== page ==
Bears hire Ryan Pace from Saints as new general manager
Ryan Pace comes to the Chicago Bears with no experience as a general manager and no ties to the organization. What he does have is one big task on his hands.
His job: transform one of the NFL’s founding franchises back into a winner.
The Bears hired Pace as general manager Thursday to replace the fired Phil Emery, hoping he can rejuvenate a team that just missed the playoffs for the seventh time in eight years.
At 37, Pace becomes the sixth GM in team history and the youngest in the league at the moment.
He spent 14 seasons with the New Orleans Saints’ front office and helped build a Super Bowl champion. He was New Orleans’ director of player personnel the past two years, helping manage their pro and college scouting operations, and he served as the team’s director of pro scouting from 2007-12.
Pace will join a team coming off a miserable 5-11 season. The Bears quickly fell out of contention in the NFC North, costing Emery and coach Marc Trestman their jobs, and had all sorts of distractions derail a season that began with legitimate thoughts of a playoff berth.
The Bears also interviewed Kansas City Chiefs director of player personnel Chris Ballard, who spent 12 years in Chicago working under Emery and his predecessor Jerry Angelo, along with Tennessee Titans vice president of player personnel Lake Dawson and Houston Texans director of pro personnel Brian Gaine.
As for the coaching job, the Bears interviewed Arizona Cardinals defensive coordinator Todd Bowles on Thursday — and Pace was in on that session. Chicago has also interviewed Seattle defensive coordinator Dan Quinn and Denver offensive coordinator Adam Gase for that position.
The Bears must decide if they’re going to stick with quarterback Jay Cutler after the offense took a big step backward, and do something about a defense that has ranked among the league’s worst the past two years.
New Orleans general manager Mickey Loomis praised the hiring of Pace, calling him "an outstanding member" of the organization.
"He has been a key contributor in developing our roster throughout the past years," Loomis said. "We will miss Ryan and his wife Stephanie however we are excited that that they will be with an organization like the Chicago Bears, of which we have the highest regard."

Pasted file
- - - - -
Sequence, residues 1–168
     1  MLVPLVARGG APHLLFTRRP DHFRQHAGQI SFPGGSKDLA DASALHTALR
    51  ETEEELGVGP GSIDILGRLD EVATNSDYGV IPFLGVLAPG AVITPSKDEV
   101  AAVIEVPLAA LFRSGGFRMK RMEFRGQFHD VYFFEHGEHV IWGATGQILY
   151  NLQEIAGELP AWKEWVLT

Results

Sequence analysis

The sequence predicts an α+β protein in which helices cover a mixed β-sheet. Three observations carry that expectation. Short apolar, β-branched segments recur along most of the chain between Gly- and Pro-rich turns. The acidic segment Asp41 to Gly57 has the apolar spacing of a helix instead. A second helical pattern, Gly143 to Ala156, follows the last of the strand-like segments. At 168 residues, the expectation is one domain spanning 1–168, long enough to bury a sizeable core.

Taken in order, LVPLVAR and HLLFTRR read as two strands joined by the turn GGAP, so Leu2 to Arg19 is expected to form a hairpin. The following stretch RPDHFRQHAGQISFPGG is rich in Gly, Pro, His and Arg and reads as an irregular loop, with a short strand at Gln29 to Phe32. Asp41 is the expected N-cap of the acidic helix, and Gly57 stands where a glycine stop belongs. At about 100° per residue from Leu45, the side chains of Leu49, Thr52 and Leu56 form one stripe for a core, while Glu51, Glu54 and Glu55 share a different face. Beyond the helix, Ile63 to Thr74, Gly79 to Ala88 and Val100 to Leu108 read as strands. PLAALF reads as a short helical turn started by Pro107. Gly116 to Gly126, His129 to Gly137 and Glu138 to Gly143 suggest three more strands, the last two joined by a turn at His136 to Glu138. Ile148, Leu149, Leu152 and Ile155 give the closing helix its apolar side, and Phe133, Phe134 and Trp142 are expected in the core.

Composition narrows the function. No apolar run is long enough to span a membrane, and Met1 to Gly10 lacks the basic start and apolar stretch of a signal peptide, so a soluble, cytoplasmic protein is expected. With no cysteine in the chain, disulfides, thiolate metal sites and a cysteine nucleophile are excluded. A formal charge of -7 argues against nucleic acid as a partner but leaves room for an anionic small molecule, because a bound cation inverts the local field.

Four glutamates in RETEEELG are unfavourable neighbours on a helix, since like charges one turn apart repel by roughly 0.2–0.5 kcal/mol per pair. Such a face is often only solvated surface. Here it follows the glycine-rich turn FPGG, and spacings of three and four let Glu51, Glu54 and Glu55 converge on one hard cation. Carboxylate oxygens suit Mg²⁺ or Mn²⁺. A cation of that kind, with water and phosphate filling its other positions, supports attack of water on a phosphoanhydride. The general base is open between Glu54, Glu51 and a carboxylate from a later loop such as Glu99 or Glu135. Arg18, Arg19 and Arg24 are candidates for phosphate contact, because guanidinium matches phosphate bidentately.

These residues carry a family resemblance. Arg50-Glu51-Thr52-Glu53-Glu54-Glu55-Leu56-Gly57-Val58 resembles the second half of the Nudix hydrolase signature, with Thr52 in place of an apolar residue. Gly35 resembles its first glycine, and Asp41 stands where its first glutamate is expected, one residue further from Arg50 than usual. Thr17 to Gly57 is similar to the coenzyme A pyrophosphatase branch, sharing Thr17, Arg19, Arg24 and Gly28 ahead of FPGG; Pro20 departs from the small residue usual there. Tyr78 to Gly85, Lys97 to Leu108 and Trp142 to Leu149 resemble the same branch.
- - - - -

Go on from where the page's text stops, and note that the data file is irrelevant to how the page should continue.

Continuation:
Former Saints players Steve Gleason and Scott Fujita also had good things to say about Pace on Twitter.
"Ryan Pace GM Chicago Bears. Awesome guy. One of my all time favorite Saints personnel. Sad to see him leave NOLA. Good luck Ryan!" Gleason posted.
Fujita called him a "great guy, great hire."
Pace grew up in Texas and played defensive end at Eastern Illinois in the late 1990s. He has a daunting task as he tries to rebuild the team and win back fans after they stayed away from Soldier Field by the thousands late in the season.
Chicago has been to the playoffs just four times since the start of the 1995 season. Only Oakland (three), Houston (two) and Cleveland (one) have fewer appearances in that span.
The Bears thought they had a contender with a prolific offense returning intact and a rebuilt defense in tow. But little went right for Chicago.
Trestman, who was hired to get the most out of Cutler, even benched the highly paid quarterback in favor of Jimmy Clausen for the second-to-last game of the season against Detroit. Cutler wound up starting the final game after Clausen suffered a concussion against the Lions, adding another chapter to a season-long soap opera.
The Bears joined the 1923 Rochester Jeffersons as the only teams to give up 50 or more points in back-to-back games in losses to New England and Green Bay. Defensive end Lamarr Houston also suffered a season-ending knee injury celebrating a meaningless sack against the Patriots.
While the new general manager’s most immediate task is to find a coach, some big decisions about the roster loom. Topping that list is Cutler, who signed a $126 million, seven-year contract at the end of last season and then tied Philip Rivers for the league lead with 18 interceptions.
The deal, which guaranteed $54 million, makes him difficult if not impossible to trade. Another possibility is cutting him. Wide receiver Brandon Marshall’s future with the team is also in question even though he signed a three-year extension through 2017 last May.
And a defense that ranked among the league’s worst the past two years under coordinator Mel Tucker still needs a major upgrade. The overhaul that brought in Jared Allen among others last offseason did not pay off, and a spotty draft record by Emery and predecessor Jerry Angelo left the Bears lacking depth.